PtG Article 27.06.2022

Russian sanctions unlikely to herald a new era of accountability

Sport’s governing bodies are queuing up to exclude Russian teams and athletes from competitions. But that does not necessarily mean that sport governing bodies will sanction other authoritarian regimes, critics argued in a Play the Game session.

Days after the closing ceremony of the 2022 Winter Olympics in Beijing, Russian tanks began to roll over the border into Ukraine. Shortly afterwards, Russian athletes and teams were being excluded from basketball, soccer, hockey, tennis, and many other elite sports competitions. At the same time, global sports federations banned all competitions scheduled to take place on Russian territory. For most reform-minded observers, the action of sports governing bodies was unprecedented and welcomed.  

“Sport has shown its capacity to be in full solidarity,” said Francesco Ricci Bitti, president of the Association of Summer Olympic International Federations.

“The IOC supports the tough sanctions against Russian and Belarusian sports organisations.”

The swift, wide-reaching sanctions were imposed partly due to Russia’s breach of the Olympic Charter, Ricci Bitti said, which compels participating nations not to go to war during the Games. As the invasion took place between the closing ceremony and the start of the Paralympics, he said, Russia was in clear breach of this commitment.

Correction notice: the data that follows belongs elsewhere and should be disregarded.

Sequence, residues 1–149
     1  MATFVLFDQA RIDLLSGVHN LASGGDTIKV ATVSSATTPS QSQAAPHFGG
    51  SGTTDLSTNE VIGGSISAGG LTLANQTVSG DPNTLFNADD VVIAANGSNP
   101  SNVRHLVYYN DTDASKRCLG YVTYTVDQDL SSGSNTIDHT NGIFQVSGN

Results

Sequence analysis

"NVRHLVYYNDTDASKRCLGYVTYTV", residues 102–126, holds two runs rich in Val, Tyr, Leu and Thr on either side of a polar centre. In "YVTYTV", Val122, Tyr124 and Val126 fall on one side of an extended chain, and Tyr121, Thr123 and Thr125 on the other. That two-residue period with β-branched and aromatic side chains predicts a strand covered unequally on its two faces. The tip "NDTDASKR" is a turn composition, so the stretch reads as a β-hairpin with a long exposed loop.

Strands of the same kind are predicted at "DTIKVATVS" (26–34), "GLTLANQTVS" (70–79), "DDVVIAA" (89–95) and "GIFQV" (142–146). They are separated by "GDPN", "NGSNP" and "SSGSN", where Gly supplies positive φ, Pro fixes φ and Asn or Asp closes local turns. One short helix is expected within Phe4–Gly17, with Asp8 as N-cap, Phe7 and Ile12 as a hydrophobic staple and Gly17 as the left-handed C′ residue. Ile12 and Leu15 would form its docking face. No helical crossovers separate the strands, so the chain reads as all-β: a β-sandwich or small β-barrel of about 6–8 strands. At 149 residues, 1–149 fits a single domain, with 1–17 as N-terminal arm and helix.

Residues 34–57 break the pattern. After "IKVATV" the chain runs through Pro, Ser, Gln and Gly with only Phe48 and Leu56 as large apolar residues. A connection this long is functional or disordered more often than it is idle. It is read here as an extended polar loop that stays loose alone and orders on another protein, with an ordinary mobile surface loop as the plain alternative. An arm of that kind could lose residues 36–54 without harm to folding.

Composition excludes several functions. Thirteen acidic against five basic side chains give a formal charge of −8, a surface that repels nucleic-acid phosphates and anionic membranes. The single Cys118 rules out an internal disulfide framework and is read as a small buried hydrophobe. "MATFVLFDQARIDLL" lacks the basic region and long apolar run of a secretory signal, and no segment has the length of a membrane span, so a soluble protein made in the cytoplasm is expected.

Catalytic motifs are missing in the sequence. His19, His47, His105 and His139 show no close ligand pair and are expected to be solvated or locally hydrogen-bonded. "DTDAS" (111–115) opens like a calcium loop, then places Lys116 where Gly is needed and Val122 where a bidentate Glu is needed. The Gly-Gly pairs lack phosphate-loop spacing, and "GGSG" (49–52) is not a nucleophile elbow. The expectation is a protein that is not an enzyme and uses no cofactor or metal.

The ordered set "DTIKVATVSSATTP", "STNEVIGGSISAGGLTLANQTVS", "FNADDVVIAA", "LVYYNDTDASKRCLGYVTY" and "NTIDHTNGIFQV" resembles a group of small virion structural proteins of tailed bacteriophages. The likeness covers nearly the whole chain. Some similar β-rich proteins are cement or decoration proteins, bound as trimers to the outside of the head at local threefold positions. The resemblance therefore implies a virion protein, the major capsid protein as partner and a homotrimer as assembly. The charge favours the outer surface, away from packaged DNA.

While reform-minded observers welcomed the IOC’s tough stance, others asked why such sweeping sanctions had been reserved for Russia in 2022. At the same time, the critics pointed out, sport’s governing bodies’ engagement with other authoritarian regimes is unaffected. Furthermore, why wasn’t Russia subject to similar sanctions following its invasion of Crimea, which occurred shortly after the conclusion of the 2014 Sochi Winter Games?

“Sport doesn’t take place in a vacuum,” said Danish National Olympic Committee president Hans Natorp.

“We need to be at the table, and we need to choose our battles. Not all countries are established democracies that think the same way we do. If we don’t occupy a seat, someone else will.”

It is time to reflect on sport’s role as an enabler of nationalism

While welcoming the sanctions imposed on Russia, many Play the Game attendees were not convinced that they will herald a new era of accountability for other aggressive or corrupt regimes. 

“The Olympic Movement has until recently let its self-proclaimed peace-keeping role overrule all other considerations,” argued Play the Game’s international director Jens Sejer Andersen in his opening speech at the conference.

“It would be unfair to claim that international sport could have prevented Russia’s aggression in Ukraine, but it is timely to reflect about sport’s role as an enabler of nationalism and militarism in Russia and elsewhere.”

“By and large sport is still a haven,” he added. “But not for democracy. Elite sport has displayed an endless appetite for the unbelievable fortunes that oil- and gas-rich states can offer.”

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